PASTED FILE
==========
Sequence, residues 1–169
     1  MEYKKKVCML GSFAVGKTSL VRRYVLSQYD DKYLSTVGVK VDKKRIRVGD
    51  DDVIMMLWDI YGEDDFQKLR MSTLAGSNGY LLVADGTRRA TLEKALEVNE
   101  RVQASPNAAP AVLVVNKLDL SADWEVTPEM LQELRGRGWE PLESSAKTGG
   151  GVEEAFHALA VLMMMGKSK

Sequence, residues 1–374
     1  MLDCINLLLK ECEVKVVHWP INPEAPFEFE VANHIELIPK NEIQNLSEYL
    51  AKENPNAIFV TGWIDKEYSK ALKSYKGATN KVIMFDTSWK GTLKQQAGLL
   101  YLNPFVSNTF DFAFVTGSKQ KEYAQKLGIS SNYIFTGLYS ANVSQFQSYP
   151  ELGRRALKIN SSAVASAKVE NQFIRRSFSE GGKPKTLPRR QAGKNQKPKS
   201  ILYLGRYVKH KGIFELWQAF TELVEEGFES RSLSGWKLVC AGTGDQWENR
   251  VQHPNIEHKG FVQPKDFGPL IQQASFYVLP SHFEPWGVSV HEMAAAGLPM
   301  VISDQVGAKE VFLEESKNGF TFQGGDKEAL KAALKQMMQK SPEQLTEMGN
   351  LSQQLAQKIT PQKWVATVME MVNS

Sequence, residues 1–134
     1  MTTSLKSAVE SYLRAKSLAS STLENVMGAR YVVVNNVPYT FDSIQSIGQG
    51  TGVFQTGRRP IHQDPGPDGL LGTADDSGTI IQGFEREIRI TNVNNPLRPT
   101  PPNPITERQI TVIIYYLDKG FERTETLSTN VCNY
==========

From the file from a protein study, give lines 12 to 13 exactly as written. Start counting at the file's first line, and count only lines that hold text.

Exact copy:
   251  VQHPNIEHKG FVQPKDFGPL IQQASFYVLP SHFEPWGVSV HEMAAAGLPM
   301  VISDQVGAKE VFLEESKNGF TFQGGDKEAL KAALKQMMQK SPEQLTEMGN